Insulin-producing cells could not mimic the physiological regulation of insulin secretion performed by pancreatic beta cells.

Shi Q, Luo S, Jia H, Feng L, Lu X, Zhou L, Cai J - Nanoscale Res Lett (2013)

Morphological changes of IPCs, as detected by AFM. Treated with D-PBS (A1 to A4), high-glucose medium for 1 h (B1 to B4), high-glucose medium for 30 min (C1 to C4), low-glucose medium for 1 h (D1 to D4), low-glucose medium for 30 min (E1 to E4). A1, B1, C1, D1, and E1 show the morphology of the whole cell; A3, B3, C3, D3, and E3 show surface ultrastructures on corresponding cells in images A2, B2, C2, D2, and E2; A4, B4, C4, D4, and E4 show 3D structures of the cells.
© Copyright Policy - open-access
Related In: Results  -  Collection

License
Show All Figures
getmorefigures.php?uid=PMC3585706&req=5

Figure 3: Morphological changes of IPCs, as detected by AFM. Treated with D-PBS (A1 to A4), high-glucose medium for 1 h (B1 to B4), high-glucose medium for 30 min (C1 to C4), low-glucose medium for 1 h (D1 to D4), low-glucose medium for 30 min (E1 to E4). A1, B1, C1, D1, and E1 show the morphology of the whole cell; A3, B3, C3, D3, and E3 show surface ultrastructures on corresponding cells in images A2, B2, C2, D2, and E2; A4, B4, C4, D4, and E4 show 3D structures of the cells.
Mentions: Figures 2 and 3 show a characteristic structure with many holes located in the cytoplasm in beta cells and IPCs. The porous structure was more obvious in the glucose-stimulated group. We measured the Ra in the analytical area. The statistical results showed that the Ra of the beta cells was bigger than that of the IPCs, regardless of whether glucose stimulation was provided (Table 4). We also measured the nanoparticle size of cells through AFM. The data indicate that the nanoparticle size of beta cells was bigger than that of IPCs, regardless of whether they were subject to glucose stimulation. Moreover, for normal human pancreatic beta cells, the Ra values were similar to each other when comparing 30-min stimulation with 1-h stimulation within the same glucose concentration (P < 0.05). However, in the IPCs group, Ra values were much lower when cells were stimulated for 30 min by low glucose concentrations, which was similar to the case observed in a non-glucose state (P > 0.05). Particle size trends resembled those of the Ra values. Meanwhile, due to the nanometer-scale resolution of AFM, we observed single-membrane proteins and revealed details of the cellular surface structure. Figures 2 (A3) and 3 (A3) showed that the membrane proteins of both beta cells and IPCs exhibited a homogeneous granular distribution. Figures 2 (B1 to B4, C1 to C4, D1 to D4, E1 to E4) and 3 (B1 to B4, C1 to C4, E1 to E4) evidenced that the cell surface architecture of the normal human pancreatic beta cells and IPCs had been changed and membrane proteins exhibited some extent of aggregation after glucose stimulation, except for IPCs stimulated for 30 min in low glucose concentrations (Figure 3 (D1 to D4)).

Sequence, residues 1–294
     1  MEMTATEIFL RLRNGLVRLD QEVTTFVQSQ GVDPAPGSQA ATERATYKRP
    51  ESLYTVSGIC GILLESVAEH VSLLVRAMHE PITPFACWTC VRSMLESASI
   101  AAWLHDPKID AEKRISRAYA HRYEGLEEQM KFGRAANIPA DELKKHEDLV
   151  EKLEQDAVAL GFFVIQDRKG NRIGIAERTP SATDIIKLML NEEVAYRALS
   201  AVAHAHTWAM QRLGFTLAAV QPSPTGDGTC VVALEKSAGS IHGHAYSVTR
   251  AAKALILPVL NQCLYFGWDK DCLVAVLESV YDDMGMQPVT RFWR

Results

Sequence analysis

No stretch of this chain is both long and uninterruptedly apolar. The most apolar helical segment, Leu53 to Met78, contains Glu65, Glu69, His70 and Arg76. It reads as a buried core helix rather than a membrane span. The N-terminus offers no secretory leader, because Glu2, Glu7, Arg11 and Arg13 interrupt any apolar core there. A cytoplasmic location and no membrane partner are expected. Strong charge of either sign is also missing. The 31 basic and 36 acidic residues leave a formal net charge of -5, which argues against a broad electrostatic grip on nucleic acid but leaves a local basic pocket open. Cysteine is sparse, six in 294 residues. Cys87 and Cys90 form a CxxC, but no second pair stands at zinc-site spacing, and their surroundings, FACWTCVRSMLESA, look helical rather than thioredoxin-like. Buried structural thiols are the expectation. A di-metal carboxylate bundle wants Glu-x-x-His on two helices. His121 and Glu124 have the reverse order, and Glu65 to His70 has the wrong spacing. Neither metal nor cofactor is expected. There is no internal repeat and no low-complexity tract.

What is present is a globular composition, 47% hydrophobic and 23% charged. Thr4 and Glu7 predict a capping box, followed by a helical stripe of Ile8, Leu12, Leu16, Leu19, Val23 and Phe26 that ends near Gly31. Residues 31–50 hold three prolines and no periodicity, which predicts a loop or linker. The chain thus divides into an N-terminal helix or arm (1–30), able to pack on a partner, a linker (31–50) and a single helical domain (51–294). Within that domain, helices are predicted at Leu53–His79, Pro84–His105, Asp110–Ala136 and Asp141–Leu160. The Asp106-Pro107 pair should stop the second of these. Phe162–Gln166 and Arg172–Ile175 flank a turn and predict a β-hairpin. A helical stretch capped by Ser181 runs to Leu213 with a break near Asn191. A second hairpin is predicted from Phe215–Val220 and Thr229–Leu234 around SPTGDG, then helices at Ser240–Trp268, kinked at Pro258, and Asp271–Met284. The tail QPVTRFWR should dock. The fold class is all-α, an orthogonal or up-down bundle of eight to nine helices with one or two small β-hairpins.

Bottom Line: The morphological features were detected by atomic force microscopy (AFM) and laser confocal scanning microscopy.IPCs and normal human pancreatic beta cells were similar to each other under the observation in AFM with the porous structure features in the cytoplasm.Both number of membrane particle size and average roughness of normal human beta cells were higher than those of IPCs.

View Article: PubMed Central - HTML - PubMed

Affiliation: Institute for Nano-Chemistry, Department of Chemistry, Jinan University, Guangzhou 510632, China. tjycai@jnu.edu.cn.

ABSTRACT

Objective: The aim of this study was to compare the difference between insulin-producing cells (IPCs) and normal human pancreatic beta cells both in physiological function and morphological features in cellular level.

Methods: The levels of insulin secretion were measured by enzyme-linked immunosorbent assay. The insulin gene expression was determined by real-time quantitative polymerase chain reaction. The morphological features were detected by atomic force microscopy (AFM) and laser confocal scanning microscopy.

Results: IPCs and normal human pancreatic beta cells were similar to each other under the observation in AFM with the porous structure features in the cytoplasm. Both number of membrane particle size and average roughness of normal human beta cells were higher than those of IPCs.

Conclusions: Our results firstly revealed that the cellular ultrastructure of IPCs was closer to that of normal human pancreatic beta cells, but they still could not mimic the physiological regulation of insulin secretion performed by pancreatic beta cells.

No MeSH data available.